Peter Maldonado's senior year takes American Vandal Season 2 away from his high school and his friends in the name of investigating a far grosser crime at a different high school. But though the scenery has changed, in American Vandal Season 2, Peter Maldonado is still discovering himself as a person and a documentarian, and the series is all the better for it. In an interview with Bustle, actor Tyler Alvarez talked about how American Vandal Season 2 connects to Season 1, what he'd like to see teen documentarians Peter and Sam tackle in Season 3, and why he's proud of the show's message about social media. There are spoilers for American Vandal Season 2 ahead, so don't read on if you don't want to know the identity of the Turd Burglar.
The thesis behind Peter's documentary in American Vandal Season 1 was essentially not to pre-judge others. It was wrong of the Hanover High administration to assume Dylan Maxwell committed a crime based on his reputation, and the person who actually drew the d*cks ended up being someone whose reputation would not at all suggest they were capable of such a crime. As a budding documentarian, Peter learned a lot about his own prejudices and biases in the process of solving that first crime. In Season 2, the stakes are higher for the students to top their first documentary, and as investigative filmmakers, they've learned to be less judgmental as they hunt for the truth.
"Peter was very much a lot more cautious with what avenues he went down and the theories and things that he followed up on," Alvarez tells Bustle, "because last season he exposed Sara Pearson's hookup list — and to be honest, it didn't really add too much to [the story]. It was for a reason, because he did prove that Alex Trimboli lied. But I think he was a lot more careful this time around with poking into people's private lives. I think he understands the power that he has with sharing people's stories."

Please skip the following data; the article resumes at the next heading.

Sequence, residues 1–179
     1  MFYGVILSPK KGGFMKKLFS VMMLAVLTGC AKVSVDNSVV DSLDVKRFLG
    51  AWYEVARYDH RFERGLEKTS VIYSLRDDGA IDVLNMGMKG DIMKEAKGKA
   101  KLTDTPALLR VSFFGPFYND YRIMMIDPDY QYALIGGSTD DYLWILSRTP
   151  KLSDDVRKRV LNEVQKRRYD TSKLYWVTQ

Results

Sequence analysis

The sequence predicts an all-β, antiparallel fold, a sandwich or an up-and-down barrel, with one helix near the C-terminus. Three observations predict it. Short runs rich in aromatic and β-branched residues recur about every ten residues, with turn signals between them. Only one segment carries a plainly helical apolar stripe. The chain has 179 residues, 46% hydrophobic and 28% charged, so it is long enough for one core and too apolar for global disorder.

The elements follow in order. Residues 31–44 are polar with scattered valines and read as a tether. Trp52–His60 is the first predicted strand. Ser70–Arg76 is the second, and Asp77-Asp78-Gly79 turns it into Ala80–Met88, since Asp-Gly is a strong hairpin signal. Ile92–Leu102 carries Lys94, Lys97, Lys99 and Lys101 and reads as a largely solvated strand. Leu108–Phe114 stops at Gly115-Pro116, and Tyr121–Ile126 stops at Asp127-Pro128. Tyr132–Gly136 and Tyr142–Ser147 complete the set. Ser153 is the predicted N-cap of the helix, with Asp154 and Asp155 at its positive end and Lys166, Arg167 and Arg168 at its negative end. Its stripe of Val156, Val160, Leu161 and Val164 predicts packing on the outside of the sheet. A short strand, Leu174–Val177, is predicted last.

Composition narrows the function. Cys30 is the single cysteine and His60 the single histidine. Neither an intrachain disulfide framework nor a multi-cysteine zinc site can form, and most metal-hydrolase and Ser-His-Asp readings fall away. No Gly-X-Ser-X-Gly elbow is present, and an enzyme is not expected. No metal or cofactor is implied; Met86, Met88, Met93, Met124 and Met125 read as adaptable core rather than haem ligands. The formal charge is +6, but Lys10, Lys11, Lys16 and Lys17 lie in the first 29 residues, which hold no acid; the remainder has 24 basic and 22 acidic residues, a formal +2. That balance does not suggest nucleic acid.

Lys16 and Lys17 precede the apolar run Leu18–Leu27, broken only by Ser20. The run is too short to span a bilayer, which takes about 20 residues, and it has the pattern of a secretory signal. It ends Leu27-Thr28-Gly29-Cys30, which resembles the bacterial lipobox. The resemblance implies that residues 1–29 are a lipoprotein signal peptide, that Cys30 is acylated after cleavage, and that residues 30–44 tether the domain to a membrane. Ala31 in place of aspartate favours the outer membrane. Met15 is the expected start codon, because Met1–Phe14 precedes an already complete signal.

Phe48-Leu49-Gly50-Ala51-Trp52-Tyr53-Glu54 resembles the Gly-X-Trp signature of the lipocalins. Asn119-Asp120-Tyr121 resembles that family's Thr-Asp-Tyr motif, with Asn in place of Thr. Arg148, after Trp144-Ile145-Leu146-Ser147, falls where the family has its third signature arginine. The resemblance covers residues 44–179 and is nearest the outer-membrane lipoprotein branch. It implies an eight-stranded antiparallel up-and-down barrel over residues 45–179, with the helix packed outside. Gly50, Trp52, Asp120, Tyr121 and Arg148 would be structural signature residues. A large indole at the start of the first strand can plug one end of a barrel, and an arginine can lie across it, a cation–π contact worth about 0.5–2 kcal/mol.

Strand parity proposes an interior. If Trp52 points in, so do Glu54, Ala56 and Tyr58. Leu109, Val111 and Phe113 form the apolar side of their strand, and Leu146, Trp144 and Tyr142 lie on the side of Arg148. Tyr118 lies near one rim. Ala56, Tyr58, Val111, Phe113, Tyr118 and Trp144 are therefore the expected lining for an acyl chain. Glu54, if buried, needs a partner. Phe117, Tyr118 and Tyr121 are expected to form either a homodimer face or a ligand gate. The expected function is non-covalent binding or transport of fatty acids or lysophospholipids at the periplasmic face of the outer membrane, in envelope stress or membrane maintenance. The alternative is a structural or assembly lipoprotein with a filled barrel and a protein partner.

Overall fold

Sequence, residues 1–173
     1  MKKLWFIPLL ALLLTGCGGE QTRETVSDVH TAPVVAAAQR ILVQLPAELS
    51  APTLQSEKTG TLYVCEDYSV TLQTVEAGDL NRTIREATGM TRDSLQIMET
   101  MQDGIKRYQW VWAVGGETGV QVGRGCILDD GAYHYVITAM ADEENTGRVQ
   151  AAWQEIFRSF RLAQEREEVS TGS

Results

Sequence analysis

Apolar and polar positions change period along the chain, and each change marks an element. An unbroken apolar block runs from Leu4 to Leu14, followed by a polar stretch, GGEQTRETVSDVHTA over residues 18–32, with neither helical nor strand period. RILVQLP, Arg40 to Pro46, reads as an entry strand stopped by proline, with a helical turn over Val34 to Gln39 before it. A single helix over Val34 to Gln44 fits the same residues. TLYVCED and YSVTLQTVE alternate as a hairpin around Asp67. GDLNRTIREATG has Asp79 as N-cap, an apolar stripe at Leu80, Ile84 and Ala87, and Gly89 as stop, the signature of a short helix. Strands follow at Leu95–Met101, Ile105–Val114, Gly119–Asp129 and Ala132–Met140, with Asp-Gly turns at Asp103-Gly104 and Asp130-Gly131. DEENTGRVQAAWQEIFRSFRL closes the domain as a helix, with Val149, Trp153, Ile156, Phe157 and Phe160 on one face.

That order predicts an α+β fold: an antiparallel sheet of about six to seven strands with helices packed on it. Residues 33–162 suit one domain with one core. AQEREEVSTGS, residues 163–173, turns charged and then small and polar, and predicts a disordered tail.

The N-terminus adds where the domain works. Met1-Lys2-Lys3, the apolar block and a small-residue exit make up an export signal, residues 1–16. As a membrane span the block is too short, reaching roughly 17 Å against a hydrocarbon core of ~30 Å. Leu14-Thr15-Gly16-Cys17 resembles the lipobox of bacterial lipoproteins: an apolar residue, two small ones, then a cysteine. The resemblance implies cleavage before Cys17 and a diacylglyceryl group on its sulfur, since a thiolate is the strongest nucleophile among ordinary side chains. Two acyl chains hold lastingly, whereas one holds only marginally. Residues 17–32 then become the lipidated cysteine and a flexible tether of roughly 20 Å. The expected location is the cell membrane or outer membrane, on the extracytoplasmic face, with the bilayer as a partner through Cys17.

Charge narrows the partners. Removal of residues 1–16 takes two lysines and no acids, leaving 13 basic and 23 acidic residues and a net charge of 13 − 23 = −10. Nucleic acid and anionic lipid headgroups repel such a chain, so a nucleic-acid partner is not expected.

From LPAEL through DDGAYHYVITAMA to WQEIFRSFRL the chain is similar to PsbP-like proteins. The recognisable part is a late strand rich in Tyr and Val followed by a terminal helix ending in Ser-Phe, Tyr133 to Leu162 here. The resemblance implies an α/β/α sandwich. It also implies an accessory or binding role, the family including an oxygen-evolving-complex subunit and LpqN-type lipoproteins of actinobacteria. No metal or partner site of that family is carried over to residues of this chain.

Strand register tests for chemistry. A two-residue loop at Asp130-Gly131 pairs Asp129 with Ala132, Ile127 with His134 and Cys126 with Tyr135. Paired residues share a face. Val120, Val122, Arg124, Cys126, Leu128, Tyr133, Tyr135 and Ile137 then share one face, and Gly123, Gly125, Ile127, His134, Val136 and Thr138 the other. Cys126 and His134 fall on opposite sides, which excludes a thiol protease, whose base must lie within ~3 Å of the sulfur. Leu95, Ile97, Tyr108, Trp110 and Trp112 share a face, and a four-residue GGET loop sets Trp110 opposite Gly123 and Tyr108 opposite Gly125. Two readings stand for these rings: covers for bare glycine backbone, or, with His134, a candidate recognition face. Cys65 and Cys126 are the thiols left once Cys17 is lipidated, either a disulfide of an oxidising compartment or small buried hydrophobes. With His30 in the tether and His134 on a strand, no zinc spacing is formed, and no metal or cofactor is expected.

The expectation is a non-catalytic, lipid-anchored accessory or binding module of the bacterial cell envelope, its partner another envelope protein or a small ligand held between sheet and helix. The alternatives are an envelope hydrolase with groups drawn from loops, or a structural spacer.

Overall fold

He's not out to expose secrets that aren't relevant to the crimes committed — unlike, interestingly enough, Season 2's antagonist the Turd Burglar, whose main goal is to dig up anything and everything students at St. Bernadine's are hiding about themselves. Instead, Peter is growing up, and is careful to remind himself that his subjects are real people with emotions at stake. Invading the privacy of Sara Pearson and several of his other classmates at Hanover High in the name of finding out the truth is not too different from what the Turd Burglar threatened to do to Marcus, Jenna, Drew, and Mr. Gisualdi. And ultimately, Peter is an optimist who wants to help solve problems, not contribute to them.
"Peter says we're not the worst generation," Alvarez says, explaining how comforting it was to read Peter's finale monologue about the effect of social media on Generation Z for the first time. "I can't tell you how many times I've heard that from so many people." American Vandal does not damn this generation for being more digitally connected than previous generations, but does stress the impact of having people in your life that know and accept you no matter how you present yourself online — something that audience members and Peter learned from Dylan Maxwell in Season 1 and the Turd Burglar's blackmail victims.
"The fact that I was able to be the vessel to deliver that message to this generation was probably one of the most gratifying and humbling experiences in my career," says Alvarez.
So how do you top that? If American Vandal returns for Season 3, Peter and Sam will have so many new skills to apply to their next investigation. "Luckily enough I get to leave that up to the creators," Alvarez says of what a possible Season 3 would entail. "I would like to maybe do college. That would be fun. Solving a crime, maybe even in a fraternity, that would be really interesting — or maybe even solving a crime that goes on in some [juvenile] detention center or something like that."
Regardless of where the inevitable next crime takes Peter and Sam, there's no doubt we'll continue to learn things about ourselves right along with them.